Derivative source masquerading as an original record

Hi EE!

I'm several types of confused. I've had both EE editions 3 and 4 in front of me for the last 2 hours, and I'm still stuck, so I give up.

One of my branches leads back to Stephen F. Austin's "Old Three Hundred." I used the experimental AI tool at FamilySearch and found an unindexed partition deed for the seven heirs of Martin Allen, one being Archibald T McCorcle on behalf of Martin Allen's daughter, Elizabeth E.M.C. McCorcle.

But I don't actually know what I'm looking at here. Clearly, this is not an original record because it was created on a typewriter; however, some of the images before and after do appear to be the original records (you have to scroll a bit, but they are a part of the same microfilm reel).

Here's a direct link: 

Scrolling to microfilm title plate thing (introducing the reel), it looks like Southwest Microfilm Service microfilmed whatever they are calling "Deeds Records E" in Matagorda County, Texas on 14 May 1864. The cover of the book was not imaged, if it even existed (and if this is even a book... I honestly don't know anymore lol). Perhaps the individual who microfilmed this record book first transcribed any pages that were illegible or difficult to read prior to imaging them? 

Moving on.. the land being partitioned in my record of interest was apparently situated in more than one county but was probated in Austin County. Moreover, this "deed book" has records for many counties, not just Matagorda.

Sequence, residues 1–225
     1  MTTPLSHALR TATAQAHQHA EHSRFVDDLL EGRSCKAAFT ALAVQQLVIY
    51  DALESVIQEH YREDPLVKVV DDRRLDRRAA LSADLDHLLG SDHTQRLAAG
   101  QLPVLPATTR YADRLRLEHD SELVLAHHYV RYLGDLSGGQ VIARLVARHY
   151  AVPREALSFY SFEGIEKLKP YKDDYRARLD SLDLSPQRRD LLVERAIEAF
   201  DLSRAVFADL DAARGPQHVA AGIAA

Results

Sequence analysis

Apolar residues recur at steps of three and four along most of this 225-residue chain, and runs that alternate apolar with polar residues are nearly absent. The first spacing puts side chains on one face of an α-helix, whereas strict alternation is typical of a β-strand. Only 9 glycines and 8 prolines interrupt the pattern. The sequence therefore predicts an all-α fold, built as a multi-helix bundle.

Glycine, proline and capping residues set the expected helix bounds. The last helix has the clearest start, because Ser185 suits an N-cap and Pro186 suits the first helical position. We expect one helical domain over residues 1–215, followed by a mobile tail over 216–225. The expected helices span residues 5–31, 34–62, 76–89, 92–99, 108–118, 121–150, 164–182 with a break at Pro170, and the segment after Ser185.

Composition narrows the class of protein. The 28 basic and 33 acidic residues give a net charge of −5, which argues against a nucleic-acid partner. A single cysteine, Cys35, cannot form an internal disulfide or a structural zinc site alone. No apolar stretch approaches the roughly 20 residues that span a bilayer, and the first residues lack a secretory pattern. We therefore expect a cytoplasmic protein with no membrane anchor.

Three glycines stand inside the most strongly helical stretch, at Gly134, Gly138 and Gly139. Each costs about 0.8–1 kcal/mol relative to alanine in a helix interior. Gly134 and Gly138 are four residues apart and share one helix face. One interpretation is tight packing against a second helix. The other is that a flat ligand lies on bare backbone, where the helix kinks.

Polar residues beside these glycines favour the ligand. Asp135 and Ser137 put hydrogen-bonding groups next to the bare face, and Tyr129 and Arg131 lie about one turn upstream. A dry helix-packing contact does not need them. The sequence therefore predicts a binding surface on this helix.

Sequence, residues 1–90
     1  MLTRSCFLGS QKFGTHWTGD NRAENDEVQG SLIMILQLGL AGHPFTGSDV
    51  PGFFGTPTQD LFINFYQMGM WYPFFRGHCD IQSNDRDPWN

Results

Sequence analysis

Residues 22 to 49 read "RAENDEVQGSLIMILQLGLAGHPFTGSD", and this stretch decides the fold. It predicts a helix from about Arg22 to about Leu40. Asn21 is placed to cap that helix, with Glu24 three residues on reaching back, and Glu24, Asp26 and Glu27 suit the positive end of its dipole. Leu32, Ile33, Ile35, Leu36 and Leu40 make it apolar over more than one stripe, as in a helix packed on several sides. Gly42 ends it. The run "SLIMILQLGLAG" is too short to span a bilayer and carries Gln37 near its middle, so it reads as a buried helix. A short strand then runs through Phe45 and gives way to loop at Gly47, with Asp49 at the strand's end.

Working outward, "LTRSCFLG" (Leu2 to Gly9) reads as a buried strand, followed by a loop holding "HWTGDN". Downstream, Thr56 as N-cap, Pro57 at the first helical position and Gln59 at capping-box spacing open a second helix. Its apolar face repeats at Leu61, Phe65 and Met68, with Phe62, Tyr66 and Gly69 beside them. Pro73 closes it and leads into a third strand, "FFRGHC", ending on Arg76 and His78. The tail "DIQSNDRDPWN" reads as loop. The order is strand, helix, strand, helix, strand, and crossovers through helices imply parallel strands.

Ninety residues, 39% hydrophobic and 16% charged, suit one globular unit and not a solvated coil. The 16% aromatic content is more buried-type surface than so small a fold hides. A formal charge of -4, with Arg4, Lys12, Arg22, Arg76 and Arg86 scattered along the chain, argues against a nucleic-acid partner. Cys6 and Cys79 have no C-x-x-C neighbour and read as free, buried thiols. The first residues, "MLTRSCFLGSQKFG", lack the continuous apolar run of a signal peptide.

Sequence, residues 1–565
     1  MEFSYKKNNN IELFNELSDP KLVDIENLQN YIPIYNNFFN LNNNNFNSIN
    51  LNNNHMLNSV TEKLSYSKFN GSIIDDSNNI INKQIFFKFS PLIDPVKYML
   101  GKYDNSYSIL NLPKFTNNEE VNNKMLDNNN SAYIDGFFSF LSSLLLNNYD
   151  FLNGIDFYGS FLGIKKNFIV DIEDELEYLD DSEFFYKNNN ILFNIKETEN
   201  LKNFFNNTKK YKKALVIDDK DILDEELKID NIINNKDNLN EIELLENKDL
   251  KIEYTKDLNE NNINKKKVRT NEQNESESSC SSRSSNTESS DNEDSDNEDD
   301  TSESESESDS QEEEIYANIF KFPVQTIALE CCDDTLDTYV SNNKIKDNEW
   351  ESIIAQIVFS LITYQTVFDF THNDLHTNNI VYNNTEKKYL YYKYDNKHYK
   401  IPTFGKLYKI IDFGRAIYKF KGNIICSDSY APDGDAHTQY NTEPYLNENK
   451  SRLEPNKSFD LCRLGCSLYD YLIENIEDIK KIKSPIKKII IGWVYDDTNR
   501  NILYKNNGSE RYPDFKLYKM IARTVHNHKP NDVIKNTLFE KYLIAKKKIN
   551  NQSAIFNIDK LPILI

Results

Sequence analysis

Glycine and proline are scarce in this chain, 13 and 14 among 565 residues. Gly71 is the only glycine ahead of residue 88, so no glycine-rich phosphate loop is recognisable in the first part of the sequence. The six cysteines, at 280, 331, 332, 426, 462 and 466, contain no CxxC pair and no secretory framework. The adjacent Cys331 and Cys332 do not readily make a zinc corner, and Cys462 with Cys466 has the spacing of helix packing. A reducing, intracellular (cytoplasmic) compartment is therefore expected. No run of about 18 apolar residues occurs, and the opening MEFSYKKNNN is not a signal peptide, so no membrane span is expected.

How do I approach this?

This doesn't seem accurate:

Matagorda County, Republic of Texas, Deed Records E:87-91, heirs of Martin Allen, partition deed, 1843; imaged, FamilySearch ( : accessed 24 March 2024) > digital film 008402139 > images 439 and 440 of 726.

But, I don't think I can "lead with a database" because the images aren't indexed or titled...

Help. Me. Please.


Submitted byEEon Mon, 03/25/2024 - 08:10

Hello, Taylor.

Your situation is common when working with courthouse records. The operative word in this situation is "typescript."  In all editions, the two fundamental chapters introduce typescripts, define them, and discuss their evidentiary issues (EE4 1.33) and citation ( EE4 2.27). You will also find more at EE4 8.30 and 9.14–15. 

Practically speaking, they are cited the same as you've done above, with one exception. Because of the issue of reliability—a major concern for researchers—when you cite the volume, you note that it is a typescript. You can do that above by simply putting the word in parentheses after the volume number—i.e., Deed Records E (Typescript): 87–91.  You might also want to add a note that the original volume is no longer available (or whatever other reason for why you are using the derivative instead of the original).